The measurements are made on a Vestas V90-2MW wind turbine, turbine WTG10, in the Mont Crosin wind farm that is located in complex terrain, Fig. 1a. An examination of the wind rose from mesoscale computations shows that this turbine operates free of wake influences from adjacent wind turbines. (Note: over the period of measurements, the turbines WTG1 and WTG3 were not operational). The SCADA measured power output is correlated to the atmospheric conditions that are measured by a nacelle-mounted, fast-response aerodynamic probe that is in close proximity to the turbine’s ultrasonic anemometer, Fig. 1b.

Fig. 1: (a) Layout of the Mont-Crosin windpark, Switzerland’s largest wind farm that is located in the complex terrain of the Jura. (b) Photograph of the fast-response aerodynamic probe system and ultrasonic anemometer on turbine WTG10.

The measurements of the atmospheric conditions (that is, wind speed, wind direction, and turbulence intensity) are made with a custom-built, 5-sensor fast-response aerodynamic probe. Details of the probe have been presented elsewhere [3]; this measurement technology is based on longstanding experience in the development and application as described in [4, 5]. The probe’s measurements are acquired at 200Hz, which allows the upstream incoming wind conditions to be distinguished from the wake and secondary flows that evolve from the blade and rotor hub. The probe’s measurement accuracies are 0.41m/s in wind speed, and 0.08° and 0.13° in yaw and pitch angles, respectively. The differential pressure transducers used for the aerodynamic probe are automatically re-zeroed every ten minutes in order to ensure the long-term accuracy, and the system is also equipped with a purging and anti-icing system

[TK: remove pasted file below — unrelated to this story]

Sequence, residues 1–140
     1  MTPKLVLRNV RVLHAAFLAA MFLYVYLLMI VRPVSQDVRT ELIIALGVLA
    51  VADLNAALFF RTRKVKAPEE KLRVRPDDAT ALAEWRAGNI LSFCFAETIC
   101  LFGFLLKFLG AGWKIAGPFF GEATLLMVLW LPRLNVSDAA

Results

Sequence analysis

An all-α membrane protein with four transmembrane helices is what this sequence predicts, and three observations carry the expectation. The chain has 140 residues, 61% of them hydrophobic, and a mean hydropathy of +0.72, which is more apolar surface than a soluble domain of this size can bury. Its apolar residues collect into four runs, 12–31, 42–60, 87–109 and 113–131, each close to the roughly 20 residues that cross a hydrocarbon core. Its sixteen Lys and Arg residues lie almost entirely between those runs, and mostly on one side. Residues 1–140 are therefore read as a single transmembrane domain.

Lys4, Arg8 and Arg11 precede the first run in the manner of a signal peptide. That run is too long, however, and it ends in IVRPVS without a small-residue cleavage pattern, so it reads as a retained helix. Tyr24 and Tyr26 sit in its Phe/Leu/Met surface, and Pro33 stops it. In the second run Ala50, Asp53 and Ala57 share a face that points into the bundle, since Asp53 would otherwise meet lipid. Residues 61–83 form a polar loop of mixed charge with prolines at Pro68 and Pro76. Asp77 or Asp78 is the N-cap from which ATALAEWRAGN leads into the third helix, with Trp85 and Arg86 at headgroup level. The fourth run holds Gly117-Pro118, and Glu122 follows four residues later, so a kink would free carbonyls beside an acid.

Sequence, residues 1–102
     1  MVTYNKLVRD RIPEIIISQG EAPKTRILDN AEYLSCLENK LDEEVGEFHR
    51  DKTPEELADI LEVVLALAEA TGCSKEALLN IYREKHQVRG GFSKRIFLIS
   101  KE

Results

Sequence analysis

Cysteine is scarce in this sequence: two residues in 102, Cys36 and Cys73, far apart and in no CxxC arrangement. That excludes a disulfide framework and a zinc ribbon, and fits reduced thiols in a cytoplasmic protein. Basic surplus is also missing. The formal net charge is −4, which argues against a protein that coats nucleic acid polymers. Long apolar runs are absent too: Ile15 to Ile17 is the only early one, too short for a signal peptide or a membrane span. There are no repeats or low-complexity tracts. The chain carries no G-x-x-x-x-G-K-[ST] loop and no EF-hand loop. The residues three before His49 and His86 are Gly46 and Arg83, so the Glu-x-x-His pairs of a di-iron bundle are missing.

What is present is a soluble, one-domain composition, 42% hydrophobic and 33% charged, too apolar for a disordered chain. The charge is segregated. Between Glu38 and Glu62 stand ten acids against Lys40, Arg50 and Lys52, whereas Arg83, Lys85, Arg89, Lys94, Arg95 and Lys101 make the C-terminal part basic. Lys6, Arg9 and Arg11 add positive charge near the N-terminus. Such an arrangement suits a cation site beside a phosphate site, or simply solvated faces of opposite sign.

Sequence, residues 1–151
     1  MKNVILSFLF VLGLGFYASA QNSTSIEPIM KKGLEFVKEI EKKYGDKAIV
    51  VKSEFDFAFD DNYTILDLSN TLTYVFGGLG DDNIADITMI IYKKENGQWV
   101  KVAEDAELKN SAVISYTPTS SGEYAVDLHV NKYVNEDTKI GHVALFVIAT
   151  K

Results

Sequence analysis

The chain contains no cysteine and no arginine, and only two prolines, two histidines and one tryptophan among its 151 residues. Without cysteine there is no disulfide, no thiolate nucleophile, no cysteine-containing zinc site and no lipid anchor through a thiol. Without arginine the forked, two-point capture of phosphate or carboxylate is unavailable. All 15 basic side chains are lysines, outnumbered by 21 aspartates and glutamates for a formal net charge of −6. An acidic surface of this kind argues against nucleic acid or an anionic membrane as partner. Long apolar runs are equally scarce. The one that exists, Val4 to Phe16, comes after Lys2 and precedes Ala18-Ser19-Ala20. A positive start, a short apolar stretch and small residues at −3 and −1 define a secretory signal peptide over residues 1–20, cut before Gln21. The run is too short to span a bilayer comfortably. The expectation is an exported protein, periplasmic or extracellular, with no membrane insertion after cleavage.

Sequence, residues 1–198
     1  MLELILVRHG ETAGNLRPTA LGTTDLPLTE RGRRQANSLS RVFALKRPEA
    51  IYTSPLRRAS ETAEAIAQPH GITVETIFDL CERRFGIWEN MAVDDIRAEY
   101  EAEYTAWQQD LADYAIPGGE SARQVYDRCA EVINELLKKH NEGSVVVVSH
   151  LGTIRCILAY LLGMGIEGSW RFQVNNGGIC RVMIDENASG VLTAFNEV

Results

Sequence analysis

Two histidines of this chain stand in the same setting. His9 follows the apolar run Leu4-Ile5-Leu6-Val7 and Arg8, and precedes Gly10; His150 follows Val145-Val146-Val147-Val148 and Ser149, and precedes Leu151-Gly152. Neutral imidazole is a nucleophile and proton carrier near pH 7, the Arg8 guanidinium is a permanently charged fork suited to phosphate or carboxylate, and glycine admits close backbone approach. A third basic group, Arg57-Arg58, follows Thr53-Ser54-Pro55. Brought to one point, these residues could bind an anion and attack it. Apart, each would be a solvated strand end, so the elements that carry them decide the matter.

Main body of abstract

Fig. 2 shows representative time-resolved measurements of wind speed and the associated turbulence intensity; the measurements are at mean wind speeds of 5m/s, Fig. 2a, and 10m/s, Fig. 2b. The rotor and hub-induced wakes and secondary flows are identifiable from the elevated levels of turbulence intensity and the relatively large fluctuations in the crosswise wind speeds. A window filtering method that is based on the turbulence levels is applied to filter out the measurements related to the wakes and secondary flows. This filtering retains only the data that are representative of the upstream incoming wind conditions. Fig. 2c compares the filtered 10-minute averaged wind speeds measured with the aerodynamic probe to the SCADA measurements.